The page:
Activities tagged Energy
12th July 2010
This was an activity for 1 STEM club session.
Pupils melted together 2 parts caster sugar to 3 parts potassium nitrate.
It turned into a big sticky brown lump – looking like toffee.
They dropped it on to tin foil – making a flat cookie sized lump – and allowed it to cool.
They then peeled it off.
We then went outside and put the smoke bombs on to the ground and lit them with a lighter.
They gave off a lot of smoke!
This activity was very popular with pupils!
25th November 2009
Students experimented with different coloured glow sticks measuring the amount of light given off and the duration of the chemiluminescence.
Glow sticks are used extensively as safety devices in situations where the need to be seen is important and reliability is required, i.e. batteries that can leak or go flat when stored in exposed or difficult conditions cannot match the durability of two chemicals stored in robust plastic containers with “shelf lives” of many years. They are, of course, more commonly seen at music festivals and fairgrounds where they are sold as safe and cheap alternatives to open heat sources (sparklers) or electronic devices.
Pupils used small hacksaws to carefully cut the sealed tops from Gelert Glow Sticks (available at most campling shops) of various colours. The plastic capsule contents were decanted to beakers whilst retaining the inner glass container. Breaking the ends off the glass container was completed using pliers whilst the container was held within a cotton wrap to prevent glass cuts.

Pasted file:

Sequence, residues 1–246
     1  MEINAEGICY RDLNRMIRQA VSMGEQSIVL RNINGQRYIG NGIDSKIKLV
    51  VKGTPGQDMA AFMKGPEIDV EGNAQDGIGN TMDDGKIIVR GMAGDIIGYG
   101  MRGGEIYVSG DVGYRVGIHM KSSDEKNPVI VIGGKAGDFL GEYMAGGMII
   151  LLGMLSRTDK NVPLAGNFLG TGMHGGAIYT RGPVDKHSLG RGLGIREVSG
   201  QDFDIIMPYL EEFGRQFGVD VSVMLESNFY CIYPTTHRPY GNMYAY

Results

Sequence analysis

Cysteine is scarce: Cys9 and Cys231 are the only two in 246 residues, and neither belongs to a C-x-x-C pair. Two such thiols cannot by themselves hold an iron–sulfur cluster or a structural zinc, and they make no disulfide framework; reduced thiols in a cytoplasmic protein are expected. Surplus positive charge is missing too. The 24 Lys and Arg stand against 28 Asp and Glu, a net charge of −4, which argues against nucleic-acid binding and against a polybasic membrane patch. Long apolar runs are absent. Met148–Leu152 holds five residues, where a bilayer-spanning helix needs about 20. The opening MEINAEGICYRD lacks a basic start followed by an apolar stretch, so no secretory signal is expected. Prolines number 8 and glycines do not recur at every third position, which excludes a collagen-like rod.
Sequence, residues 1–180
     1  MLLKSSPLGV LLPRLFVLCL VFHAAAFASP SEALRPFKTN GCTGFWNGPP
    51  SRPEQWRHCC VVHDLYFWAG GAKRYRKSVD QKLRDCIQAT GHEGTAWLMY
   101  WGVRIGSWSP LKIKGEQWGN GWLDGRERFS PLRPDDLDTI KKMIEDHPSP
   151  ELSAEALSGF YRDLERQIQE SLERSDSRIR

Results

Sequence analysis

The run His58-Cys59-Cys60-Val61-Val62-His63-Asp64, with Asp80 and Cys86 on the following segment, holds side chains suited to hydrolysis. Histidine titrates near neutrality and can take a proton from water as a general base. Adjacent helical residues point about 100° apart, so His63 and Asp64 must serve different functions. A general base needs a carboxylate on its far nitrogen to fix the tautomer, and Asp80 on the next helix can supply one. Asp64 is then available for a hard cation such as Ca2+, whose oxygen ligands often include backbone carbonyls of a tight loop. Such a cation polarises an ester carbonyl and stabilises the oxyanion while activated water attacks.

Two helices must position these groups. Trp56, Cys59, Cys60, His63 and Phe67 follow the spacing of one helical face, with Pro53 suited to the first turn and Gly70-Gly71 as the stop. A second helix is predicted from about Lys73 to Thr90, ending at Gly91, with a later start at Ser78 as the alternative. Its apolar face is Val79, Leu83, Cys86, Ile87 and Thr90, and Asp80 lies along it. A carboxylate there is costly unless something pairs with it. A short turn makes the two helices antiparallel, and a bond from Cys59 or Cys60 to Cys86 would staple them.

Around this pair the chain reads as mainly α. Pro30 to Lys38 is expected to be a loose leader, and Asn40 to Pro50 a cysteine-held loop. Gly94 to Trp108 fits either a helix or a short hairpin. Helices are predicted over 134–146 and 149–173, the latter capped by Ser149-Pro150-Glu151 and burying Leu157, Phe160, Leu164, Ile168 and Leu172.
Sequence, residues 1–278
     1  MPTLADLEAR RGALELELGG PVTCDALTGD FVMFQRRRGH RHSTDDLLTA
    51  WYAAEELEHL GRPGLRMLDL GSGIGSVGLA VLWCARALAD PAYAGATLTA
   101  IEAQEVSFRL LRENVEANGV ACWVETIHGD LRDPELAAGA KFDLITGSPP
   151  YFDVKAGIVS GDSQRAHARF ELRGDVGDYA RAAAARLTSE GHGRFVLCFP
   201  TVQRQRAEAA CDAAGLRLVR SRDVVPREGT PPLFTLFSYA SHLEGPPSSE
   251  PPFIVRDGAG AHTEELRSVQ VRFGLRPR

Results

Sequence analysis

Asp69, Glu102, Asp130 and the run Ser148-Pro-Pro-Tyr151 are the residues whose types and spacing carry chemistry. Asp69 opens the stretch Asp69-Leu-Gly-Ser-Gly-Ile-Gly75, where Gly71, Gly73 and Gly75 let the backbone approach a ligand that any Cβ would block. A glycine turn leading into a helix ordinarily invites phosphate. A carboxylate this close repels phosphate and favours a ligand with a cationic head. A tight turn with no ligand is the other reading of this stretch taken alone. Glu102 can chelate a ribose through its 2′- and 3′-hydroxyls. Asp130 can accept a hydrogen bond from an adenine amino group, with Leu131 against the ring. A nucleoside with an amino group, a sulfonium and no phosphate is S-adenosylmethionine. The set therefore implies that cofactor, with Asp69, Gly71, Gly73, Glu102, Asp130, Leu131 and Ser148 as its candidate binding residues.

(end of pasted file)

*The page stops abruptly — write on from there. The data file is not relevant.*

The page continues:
After their mixing experiments pupils made several observations. The most interesting being that the external walls of the glass beakers used for mixing acted like “optical fibres” since the light could clearly be seen more strongly at the beakers tops edges (see the pictures). Pupils also noted that the pictures they took were so well illuminated by the light being given off that the camera did not need a flash even though the room was darkness!
16th November 2011
The Sun Project is a lunch club for girls who are interested in anything that is related to the Sun.
We aim to involve them in the development of their own projects, which range from the use and testing of photovoltaic cells, using solar energy as a heat source, to any solar physics/astronomy topics thay might wish to research.
At the moment, the girls have been involved in researching and designing a Sun dial, a solar water heater, a solar oven, and several objects that use PV cells (such as a water feature for the school’s pond, a solar pwered scare crow for the school vegetable patch, a solar powered boat).
10th May 2011
Fifty-five Year 8 and 9 students worked on a STEM project run by Simon Kettle from STEMWORKS, with support from Greg Lucas, Nick Crocker and Stefan Bucur from EDF Energy, who kindly sponsored the event. The teams were tasked with designing, building and testing a scale model of a crane system designed to lift and lower a Flask Lid of a radioactive container. Taking on the roles of structrual, mechanical and electrical engineers, students were required to use their problem solving skills to the full. All the teams succeeded in producing working models and were complimented on their teamwork and willingness to have a go at tackling a very challenging task. Judging of the various designs considered, the weight of the system, suitability of design, quality of manufacture and final performance. Following a tense lift-off, the team of Angus Brown, Callum Mitchell, Edwin Greves and James Lanfear were declared the runners-up. The winning team made up of Tom Butler, Emily Weller, Amber Cartilidge, Will Cleaver and Connor O’Driscoll now have the opportunity to represent The Cotswold School at a Challenge Event being held at Cheltenham Science Festival.